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“chicago economics,” “chicago sociology,” and “chicago anything else”

Near the end of James Heckman’s lecture on the scholarly legacy of Gary Becker, Heckman argued that Becker was a fine addition to the legacy of “Chicago economics.” He didn’t mean that Becker was a monetarist – the “Chicago school” of Friedman and his followers. Instead, he meant that Becker fit in well with the long tradition of great Chicago economic thinkers including not only free marketers (like Friedman) but also liberals (Paul Douglas), socialists (Oscar Lange), and weirdos (Thorstein Veblen). But what does that mean? Here is what it means:

  1. People know the whole field of economics, they aren’t just narrow specialists.
  2. Economics is not a parlor game. It is important.
  3. Empirical work is important and it is not devalued.

Thumbs up. But let me extend it. This Chicago attitude should extend to the whole of social sciences. People ask me, for example, why I was so damn harsh on the critical realists and the post-modernists. Why? Because what I do is important. It is empirical and it reflects what I’ve learned from absorbing the hard earned lessons of my predecessors. So when I see scholarship sink into a miasma of words, or the toy tinkering with cuteonomics, I can only conclude that the person is here to play games, not figure out how the world works. Excuse me while I get back to work.

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Written by fabiorojas

December 1, 2014 at 12:01 am

2 Responses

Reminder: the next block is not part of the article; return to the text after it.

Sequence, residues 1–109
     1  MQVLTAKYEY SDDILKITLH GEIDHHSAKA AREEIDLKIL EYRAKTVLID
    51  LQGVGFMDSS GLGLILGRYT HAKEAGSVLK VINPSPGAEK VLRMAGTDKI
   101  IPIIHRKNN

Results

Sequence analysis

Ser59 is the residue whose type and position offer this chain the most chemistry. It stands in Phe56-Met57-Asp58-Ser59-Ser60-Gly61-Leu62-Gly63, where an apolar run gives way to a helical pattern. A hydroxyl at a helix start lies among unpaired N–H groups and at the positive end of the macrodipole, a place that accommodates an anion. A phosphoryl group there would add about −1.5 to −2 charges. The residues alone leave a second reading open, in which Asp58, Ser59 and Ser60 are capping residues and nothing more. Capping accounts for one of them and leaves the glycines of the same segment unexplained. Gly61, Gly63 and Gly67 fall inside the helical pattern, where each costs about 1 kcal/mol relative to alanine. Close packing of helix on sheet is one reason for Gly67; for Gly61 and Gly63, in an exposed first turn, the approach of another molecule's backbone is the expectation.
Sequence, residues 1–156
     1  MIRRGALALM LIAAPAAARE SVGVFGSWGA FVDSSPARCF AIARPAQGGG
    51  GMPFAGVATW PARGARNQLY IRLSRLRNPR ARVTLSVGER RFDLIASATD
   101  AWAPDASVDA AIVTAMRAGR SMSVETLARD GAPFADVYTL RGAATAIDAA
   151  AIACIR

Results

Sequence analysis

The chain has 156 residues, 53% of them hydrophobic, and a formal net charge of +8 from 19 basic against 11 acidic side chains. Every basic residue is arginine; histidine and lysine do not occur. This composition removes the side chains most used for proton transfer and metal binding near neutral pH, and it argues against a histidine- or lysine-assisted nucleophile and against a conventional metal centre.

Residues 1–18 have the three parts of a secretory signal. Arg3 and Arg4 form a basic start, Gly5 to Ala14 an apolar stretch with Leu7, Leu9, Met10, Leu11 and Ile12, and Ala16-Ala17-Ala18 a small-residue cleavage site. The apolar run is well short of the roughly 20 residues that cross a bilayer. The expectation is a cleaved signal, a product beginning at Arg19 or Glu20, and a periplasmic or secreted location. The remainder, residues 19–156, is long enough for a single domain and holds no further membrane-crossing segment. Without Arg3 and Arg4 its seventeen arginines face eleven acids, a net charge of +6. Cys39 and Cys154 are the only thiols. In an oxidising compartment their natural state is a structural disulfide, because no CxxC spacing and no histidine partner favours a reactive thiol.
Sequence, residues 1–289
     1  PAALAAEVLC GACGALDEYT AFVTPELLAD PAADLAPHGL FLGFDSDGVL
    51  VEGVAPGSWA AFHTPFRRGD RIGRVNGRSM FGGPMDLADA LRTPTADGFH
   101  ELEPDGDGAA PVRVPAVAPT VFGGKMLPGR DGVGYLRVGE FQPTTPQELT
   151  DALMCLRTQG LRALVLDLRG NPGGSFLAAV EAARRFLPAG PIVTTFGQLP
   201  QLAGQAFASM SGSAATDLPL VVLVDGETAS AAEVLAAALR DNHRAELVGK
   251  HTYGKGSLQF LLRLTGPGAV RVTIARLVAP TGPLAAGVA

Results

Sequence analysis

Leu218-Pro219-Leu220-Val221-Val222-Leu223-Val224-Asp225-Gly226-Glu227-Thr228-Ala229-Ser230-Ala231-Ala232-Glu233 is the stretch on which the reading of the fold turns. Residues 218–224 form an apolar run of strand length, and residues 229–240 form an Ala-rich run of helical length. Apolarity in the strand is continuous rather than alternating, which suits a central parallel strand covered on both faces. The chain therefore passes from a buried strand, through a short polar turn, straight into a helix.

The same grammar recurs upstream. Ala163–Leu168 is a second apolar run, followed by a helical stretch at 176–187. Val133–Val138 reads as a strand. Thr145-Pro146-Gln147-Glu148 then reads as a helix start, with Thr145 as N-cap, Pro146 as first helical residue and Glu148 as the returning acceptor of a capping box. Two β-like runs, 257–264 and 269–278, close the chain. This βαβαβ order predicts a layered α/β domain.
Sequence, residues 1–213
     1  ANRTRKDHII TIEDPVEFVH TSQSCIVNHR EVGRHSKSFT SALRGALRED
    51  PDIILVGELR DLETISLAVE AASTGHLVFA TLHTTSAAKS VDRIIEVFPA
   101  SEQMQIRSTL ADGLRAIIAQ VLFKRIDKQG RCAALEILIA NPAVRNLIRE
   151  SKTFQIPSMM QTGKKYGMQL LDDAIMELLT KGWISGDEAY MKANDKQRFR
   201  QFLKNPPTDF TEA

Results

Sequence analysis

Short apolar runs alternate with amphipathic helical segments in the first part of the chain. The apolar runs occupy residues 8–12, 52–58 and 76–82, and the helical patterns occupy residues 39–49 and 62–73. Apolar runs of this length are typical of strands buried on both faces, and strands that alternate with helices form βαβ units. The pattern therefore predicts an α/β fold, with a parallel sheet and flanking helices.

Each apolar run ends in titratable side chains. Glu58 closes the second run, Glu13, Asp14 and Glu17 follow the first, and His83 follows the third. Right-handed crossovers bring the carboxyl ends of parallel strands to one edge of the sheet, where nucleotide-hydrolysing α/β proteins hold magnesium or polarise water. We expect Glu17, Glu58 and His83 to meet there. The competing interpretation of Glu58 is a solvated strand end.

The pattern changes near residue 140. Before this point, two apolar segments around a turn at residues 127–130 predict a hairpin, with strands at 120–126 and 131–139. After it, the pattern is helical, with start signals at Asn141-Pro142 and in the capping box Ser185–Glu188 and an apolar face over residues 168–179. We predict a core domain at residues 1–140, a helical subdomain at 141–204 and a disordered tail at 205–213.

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  1. Thanks for this post and its primary point, Fabio. And I also salute the secondary point, that Chicago economics is not just free market dogma. I used to drive up from Purdue to attend UC Economics workshops on human capital and agricultural development to augment my graduate studies. It was energizing to spend time with Margaret Reid, Jacob Mincer, Gary Becker and others whose work your post celebrates.

    BTW, my favorite “oddball” Chicago economist was Bert Hoselitz, who founded and edited Economic Development and Cultural Change over three decades. He also published a book entitled Sociological Aspects of Economic Growth, an important work that guided much of the social science around poverty alleviation in developing nations. He worked with many sociologists and other social scientists who shared his penchant for meaningful work. No critical realism here…

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    Randy

    December 1, 2014 at 12:57 am

  2. “People ask me, for example, why I was so damn harsh on the critical realists and the post-modernists. Why? Because what I do is important. It is empirical and it reflects what I’ve learned from absorbing the hard earned lessons of my predecessors. So when I see scholarship sink into a miasma of words, or the toy tinkering with cuteonomics, I can only conclude that the person is here to play games, not figure out how the world works. Excuse me while I get back to work.”

    …how insulting did you intend to be here?

    Like

    Anon

    December 1, 2014 at 4:40 pm


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